It’s been long known that it’s a good idea to rock a baby to sleep. According to a new study, we should all be sleeping that way.
Swiss researchers from the universities of Geneva (UNIGE), Lausanne (UNIL) and from the University Hospitals of Geneva (HUG) have conducted two studies: one on young adults and the other on mice. Their results, published in Current Biology, show that slow and repeated movement throughout the night modulates brain wave activity. Consequently, not only does balancing induce deeper sleep, but it also helps to strengthen memory, which is consolidated during certain sleep phases.
UNIGE scientists had already shown in a previous study that swinging during a 45-minute nap helps people fall asleep faster and sleep more deeply. But what are the effects of this slow movement on the brain? To find out more, the researchers, in association with colleagues from UNIL, conducted two new studies – one on human beings and the other on rodents.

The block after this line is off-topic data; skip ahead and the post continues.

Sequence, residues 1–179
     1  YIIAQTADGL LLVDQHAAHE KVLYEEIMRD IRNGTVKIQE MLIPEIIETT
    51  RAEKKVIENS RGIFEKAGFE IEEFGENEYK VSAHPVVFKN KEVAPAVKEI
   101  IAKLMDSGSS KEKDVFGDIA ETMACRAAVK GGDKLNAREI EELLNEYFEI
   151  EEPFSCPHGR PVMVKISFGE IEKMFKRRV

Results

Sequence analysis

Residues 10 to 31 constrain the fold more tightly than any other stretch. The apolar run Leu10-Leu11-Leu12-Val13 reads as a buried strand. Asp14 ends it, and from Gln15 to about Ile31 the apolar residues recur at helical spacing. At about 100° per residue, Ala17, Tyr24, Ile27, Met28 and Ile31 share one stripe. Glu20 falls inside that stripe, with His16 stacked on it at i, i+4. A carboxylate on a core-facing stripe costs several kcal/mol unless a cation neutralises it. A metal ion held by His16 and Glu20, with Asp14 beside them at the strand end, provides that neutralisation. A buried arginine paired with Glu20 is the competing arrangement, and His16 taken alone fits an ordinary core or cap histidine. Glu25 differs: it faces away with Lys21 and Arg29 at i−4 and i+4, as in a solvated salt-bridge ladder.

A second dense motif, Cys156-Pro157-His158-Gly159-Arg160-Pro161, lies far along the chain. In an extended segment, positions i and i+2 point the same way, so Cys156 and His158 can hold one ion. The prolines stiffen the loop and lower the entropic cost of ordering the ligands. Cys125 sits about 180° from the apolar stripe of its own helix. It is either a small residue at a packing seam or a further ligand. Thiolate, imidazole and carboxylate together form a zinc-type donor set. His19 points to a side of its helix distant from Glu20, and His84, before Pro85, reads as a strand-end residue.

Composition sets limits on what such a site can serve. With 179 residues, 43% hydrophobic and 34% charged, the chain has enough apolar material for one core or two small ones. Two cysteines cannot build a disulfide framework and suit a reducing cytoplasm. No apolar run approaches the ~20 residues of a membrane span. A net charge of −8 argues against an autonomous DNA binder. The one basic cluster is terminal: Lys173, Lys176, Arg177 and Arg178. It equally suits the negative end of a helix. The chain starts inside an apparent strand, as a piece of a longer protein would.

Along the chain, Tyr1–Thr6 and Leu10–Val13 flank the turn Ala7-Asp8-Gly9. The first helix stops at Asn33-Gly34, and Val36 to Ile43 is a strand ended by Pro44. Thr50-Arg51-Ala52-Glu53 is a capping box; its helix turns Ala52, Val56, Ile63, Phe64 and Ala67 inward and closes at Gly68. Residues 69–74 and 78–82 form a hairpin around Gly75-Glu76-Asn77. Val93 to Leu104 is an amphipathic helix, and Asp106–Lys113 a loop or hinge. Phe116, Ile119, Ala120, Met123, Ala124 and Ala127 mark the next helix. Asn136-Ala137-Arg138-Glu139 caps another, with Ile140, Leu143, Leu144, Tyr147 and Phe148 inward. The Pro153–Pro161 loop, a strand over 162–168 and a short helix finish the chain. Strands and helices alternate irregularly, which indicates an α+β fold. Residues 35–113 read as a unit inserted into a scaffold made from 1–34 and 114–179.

In the human study, eighteen healthy young adults spent one night at a sleep lab. Once familiar with this unusual environment, the young volunteers spent two nights at the Sleep Medicine Centre, one on a moving bed and the other on the same bed, but in a still position.
“A good night’s sleep means falling asleep quickly and staying asleep all night,” says Laurence Bayer. “However, we observed that our participants, although they slept well in both cases, fell asleep more quickly when they were rocked. In addition, they had longer periods of deep sleep and fewer micro-wakes, a factor frequently associated with poor sleep quality.”
The second study was carried out on mice. Like for human beings, rocking the mice’s cages reduced the time they needed to fall asleep sleep and increased sleep time. However, it did not increase sleep quality, unlike what had been shown in human beings.